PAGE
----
'Mistake' costs family its home at The Springs
A judge refuses to reverse the auction of a home spurred by a debt of $1,200.
Posted December 21 2006
SANFORD -- Because of someone else's mistake, Sharon Rousey lost her Longwood home at a courthouse auction two weeks ago over $1,200 in unpaid homeowners association dues.
On Wednesday, she tried to persuade a judge to give it back. He refused.
That means Rousey, 48, a single mom who is raising two disabled teenagers on a fixed income, must now pack up her belongings and get out.
"Things don't always work out the way you desire," she said after the hearing.
Rousey bought the 2,400-square-foot town house in The Springs, a gated community near Wekiwa Springs State Park, in May 2005.
The home, though, came with a surprise: She would belong to two homeowners associations and, thus, had to pay two sets of dues, one for The Springs and another for Glenwood Village, the town-house neighborhood.
She fell behind on both, according to court records. In addition, she couldn't keep up her mortgage payment and, for a time, the water company cut her off.
One of the homeowners groups sued to foreclose, and when Rousey never appeared and never filed any paperwork, a judge entered a judgment in favor of the association and ordered the house sold at public auction.
In November, Rousey thought she had solved her problems: Goodbye Foreclosure Inc., a Winter Park company that buys distressed properties, agreed to buy her house before the auction. It would pay off her homeowners association dues as well as her mortgage and leave her with about $115,000 in cash.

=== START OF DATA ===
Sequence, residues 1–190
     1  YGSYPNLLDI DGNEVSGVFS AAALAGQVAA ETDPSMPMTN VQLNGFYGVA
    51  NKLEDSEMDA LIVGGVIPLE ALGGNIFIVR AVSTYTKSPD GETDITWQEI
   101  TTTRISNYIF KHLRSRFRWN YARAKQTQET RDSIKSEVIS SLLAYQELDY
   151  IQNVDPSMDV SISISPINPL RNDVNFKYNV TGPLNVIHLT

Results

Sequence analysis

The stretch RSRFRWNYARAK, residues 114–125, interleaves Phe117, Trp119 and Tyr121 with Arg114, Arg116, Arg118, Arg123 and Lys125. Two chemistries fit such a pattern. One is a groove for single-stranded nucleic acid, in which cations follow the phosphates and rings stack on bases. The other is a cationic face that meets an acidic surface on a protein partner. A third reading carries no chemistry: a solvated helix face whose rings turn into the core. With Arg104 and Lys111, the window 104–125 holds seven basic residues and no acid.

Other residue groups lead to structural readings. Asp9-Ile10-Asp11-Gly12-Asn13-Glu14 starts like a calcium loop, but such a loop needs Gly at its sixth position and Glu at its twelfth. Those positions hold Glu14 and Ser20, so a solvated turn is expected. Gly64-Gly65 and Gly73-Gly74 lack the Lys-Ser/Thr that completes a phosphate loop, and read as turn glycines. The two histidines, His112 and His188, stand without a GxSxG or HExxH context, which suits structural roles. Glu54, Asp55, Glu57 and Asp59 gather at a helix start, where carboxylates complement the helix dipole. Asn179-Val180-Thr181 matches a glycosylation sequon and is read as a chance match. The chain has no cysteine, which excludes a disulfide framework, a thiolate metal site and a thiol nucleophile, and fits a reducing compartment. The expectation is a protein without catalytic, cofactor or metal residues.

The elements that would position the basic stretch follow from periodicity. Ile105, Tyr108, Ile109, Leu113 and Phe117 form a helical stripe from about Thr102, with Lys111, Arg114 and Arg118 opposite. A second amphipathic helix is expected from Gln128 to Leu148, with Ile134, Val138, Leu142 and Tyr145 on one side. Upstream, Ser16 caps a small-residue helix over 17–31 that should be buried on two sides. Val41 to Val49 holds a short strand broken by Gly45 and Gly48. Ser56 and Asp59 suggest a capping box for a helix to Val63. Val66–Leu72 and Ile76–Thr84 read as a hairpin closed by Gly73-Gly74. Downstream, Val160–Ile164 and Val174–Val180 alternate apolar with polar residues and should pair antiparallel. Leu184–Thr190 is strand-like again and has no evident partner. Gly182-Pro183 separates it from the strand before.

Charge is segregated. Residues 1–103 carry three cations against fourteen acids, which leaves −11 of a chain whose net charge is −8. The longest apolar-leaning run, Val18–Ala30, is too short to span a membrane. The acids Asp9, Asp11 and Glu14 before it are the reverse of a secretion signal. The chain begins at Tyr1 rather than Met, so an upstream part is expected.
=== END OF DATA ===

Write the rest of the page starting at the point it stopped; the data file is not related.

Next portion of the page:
But company Vice President Aaron Herschberg sent a check to an association -- the wrong one, it turned out -- and assumed the auction would be called off. It wasn't. On Dec. 5, an Apopka company that buys foreclosed property agreed to pay $113,500.
Mark Lippman, Rousey's attorney, estimated the market value of her town house at $275,000 to $300,000.
Still due on the property is a $65,000 mortgage, which the winning bidder must now pay.
Herschberg admitted Wednesday that the whole thing was his fault. "It was my mistake," he said.
Because of that, Rousey's lawyer asked Circuit Judge Alan Dickey to void the auction and give the house back to the family: Rousey and her two daughters, Kristen, 16, and Madison, 13, both of whom are developmentally disabled.
"It was not Mrs. Rousey's mistake," Lippman said. "It was just an office foible."
In fact, Rousey had enough money to stop the sale: $1,200 in back dues owed The Springs Community Association Inc., she testified. And she would have paid it if she had known Herschberg had sent the check to the wrong place, she said.
The judge, though, let the auction stand.
"I can't find any legal basis to set this aside," he said.
Rousey's mistake, Dickey said, was in relying on someone who specializes in buying homes from people facing foreclosure.
"They took advantage," Dickey said. "They found a woman whose house was being foreclosed on and didn't have sense enough to hire a lawyer."
In the end, Rousey won't go penniless. She should walk away with about $108,000 in cash, Lippman said. That's what will be left over from the auction proceeds once The Springs Homeowners Association takes out its share and pays its lawyers.
In addition, the winning bidder, South Investment Properties Inc., won't force the family out of the home until the first week of January, said its attorney, Jeffrey Icardi.
Still, Rousey said Wednesday that she has no idea where she'll move her family, except that they'll stay in Seminole County.
"Wherever they go," she said, smiling at her girls, "I go."